Images Courtesy of © Travel For All | Encouraging Accessible Travel
At 29 years old, Tarita Davenock was diagnosed with multiple sclerosis and urged by her physicians to leave her job as a Social Worker due to stress. Unsure of where to go next, Davenock decided to indulge her love of travel and found joy in a role as a travel advisor, helping people arrange the adventures of their dreams. But as her MS progressed and Davenock began using a wheelchair, she realized how different the world of travel was for people with disabilities.
One in four people has some form of disability—equating to a huge group of people who may experience difficulties traveling or may even avoid it altogether due to stress. A vocal advocate for accessibility awareness, she built Travel For All around the mantra that “travel should be INCLUSIVE, not exclusive.”
Traveling with a disability can cause a lot of anxiety. Between facing the unknown and being away from our regular support systems, the fear can often outweigh the fun, especially at first.
“Accessible travel is not only for people in wheelchairs,” says Davenock. “Accessible travel includes seniors, young people, and people with other disabilities that some may think will limit their ability to travel.”
Often, seniors and people with disabilities are pushed towards cruises or all-inclusive resorts as a default vacation option because those locales are “easier”—but why should your travel dreams be limited to only the least challenging destinations? Travel For All is on a mission to make every corner of the globe available to people of any ability, providing clients with peace of mind so that they can travel with confidence.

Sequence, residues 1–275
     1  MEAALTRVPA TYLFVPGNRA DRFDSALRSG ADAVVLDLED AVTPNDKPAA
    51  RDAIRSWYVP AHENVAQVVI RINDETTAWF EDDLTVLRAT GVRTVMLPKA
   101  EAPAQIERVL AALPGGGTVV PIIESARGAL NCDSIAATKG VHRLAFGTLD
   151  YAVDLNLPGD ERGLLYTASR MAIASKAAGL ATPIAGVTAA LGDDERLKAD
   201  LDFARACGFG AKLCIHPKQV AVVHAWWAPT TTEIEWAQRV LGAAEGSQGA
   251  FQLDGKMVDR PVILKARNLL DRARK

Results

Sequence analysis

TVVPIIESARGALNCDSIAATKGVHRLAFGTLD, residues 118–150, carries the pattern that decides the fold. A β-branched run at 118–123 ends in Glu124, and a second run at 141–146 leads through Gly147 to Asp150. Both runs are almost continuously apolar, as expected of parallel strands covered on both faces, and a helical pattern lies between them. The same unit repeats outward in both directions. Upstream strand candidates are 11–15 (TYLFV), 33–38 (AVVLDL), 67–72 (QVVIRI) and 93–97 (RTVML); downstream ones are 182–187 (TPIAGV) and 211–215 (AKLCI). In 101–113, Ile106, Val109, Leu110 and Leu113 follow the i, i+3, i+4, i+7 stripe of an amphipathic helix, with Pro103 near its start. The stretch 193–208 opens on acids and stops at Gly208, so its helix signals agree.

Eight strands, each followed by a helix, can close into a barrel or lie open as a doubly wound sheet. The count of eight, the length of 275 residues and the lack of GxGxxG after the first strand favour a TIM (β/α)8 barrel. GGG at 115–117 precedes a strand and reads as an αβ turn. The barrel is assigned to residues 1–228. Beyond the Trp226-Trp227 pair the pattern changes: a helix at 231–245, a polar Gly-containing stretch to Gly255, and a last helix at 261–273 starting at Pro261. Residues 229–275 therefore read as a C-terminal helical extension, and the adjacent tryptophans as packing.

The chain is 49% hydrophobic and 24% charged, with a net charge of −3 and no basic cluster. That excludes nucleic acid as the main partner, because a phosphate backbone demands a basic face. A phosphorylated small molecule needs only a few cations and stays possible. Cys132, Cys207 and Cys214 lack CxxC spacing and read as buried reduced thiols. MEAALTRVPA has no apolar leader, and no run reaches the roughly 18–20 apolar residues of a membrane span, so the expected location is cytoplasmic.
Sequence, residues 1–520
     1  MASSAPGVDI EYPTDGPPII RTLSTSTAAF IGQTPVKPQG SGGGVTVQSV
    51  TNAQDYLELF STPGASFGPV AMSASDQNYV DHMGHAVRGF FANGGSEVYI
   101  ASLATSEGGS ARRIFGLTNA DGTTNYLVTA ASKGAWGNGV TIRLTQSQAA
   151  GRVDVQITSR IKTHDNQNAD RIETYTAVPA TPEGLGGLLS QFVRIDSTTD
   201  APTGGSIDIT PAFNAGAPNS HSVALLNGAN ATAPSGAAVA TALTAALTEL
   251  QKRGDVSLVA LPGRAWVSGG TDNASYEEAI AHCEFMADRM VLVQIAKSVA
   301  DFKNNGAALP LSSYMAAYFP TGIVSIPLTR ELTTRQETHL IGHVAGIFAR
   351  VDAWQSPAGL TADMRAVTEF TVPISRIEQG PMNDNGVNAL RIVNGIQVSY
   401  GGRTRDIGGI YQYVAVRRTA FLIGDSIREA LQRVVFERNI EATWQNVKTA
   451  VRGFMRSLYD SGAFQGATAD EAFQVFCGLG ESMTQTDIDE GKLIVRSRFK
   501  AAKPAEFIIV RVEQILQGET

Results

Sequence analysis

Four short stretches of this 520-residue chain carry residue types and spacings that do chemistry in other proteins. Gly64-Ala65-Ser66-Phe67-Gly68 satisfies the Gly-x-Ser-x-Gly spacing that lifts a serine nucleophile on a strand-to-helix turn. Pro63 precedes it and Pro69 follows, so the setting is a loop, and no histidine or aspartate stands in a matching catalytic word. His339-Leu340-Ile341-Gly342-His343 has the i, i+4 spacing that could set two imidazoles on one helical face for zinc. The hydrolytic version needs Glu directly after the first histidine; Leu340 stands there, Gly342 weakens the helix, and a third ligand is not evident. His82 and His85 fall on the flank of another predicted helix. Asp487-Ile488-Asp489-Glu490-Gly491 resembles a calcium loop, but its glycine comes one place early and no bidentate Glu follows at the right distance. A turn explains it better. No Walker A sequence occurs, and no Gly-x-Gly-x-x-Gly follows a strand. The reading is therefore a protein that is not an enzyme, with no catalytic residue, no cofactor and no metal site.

Making travel plans can be difficult, especially when health restrictions are changing so quickly and so often. Careful planning gives travelers a sense of confidence and control so that they know precisely what to expect and what to do if things go awry. From pre-planning to post-travel and at every moment in between, Travel for All makes clients feel supported and confident in managing their travel experience.
“Having a physical disability or a child with special needs should not exclude anyone from traveling, but you may need to spend some extra time planning to have the trip of a lifetime,” Davenock continues.
“Once a person tells me what their disability is and where they want to go, I can make sure that all the hotels are accessible, the different types of transportation they want to take are accessible, and all the events they plan to attend are accessible. If they need special equipment on their trip, we can make sure it’s available. For instance, on some trips, individuals may need lifts or hoists. When they reach their destinations, I make sure the lift or the hoists are there waiting for them.”
With over 25 years of experience, Travel For All is able to anticipate hurdles that their clients may experience and plan around them or prevent them entirely. Almost every disabled traveler has at least one story of encountering an accommodation labeled as “accessible” and arriving to find that it is not. Working with a knowledgeable advisor reduces the likelihood that travelers will face these situations during their trip.
The world is taking notice of people with disabilities and is becoming accessible for people who want to travel. Regardless of age or ability level, everyone deserves to enjoy their lives and experience travel on their terms. With Travel for All, adventures become barrier-free.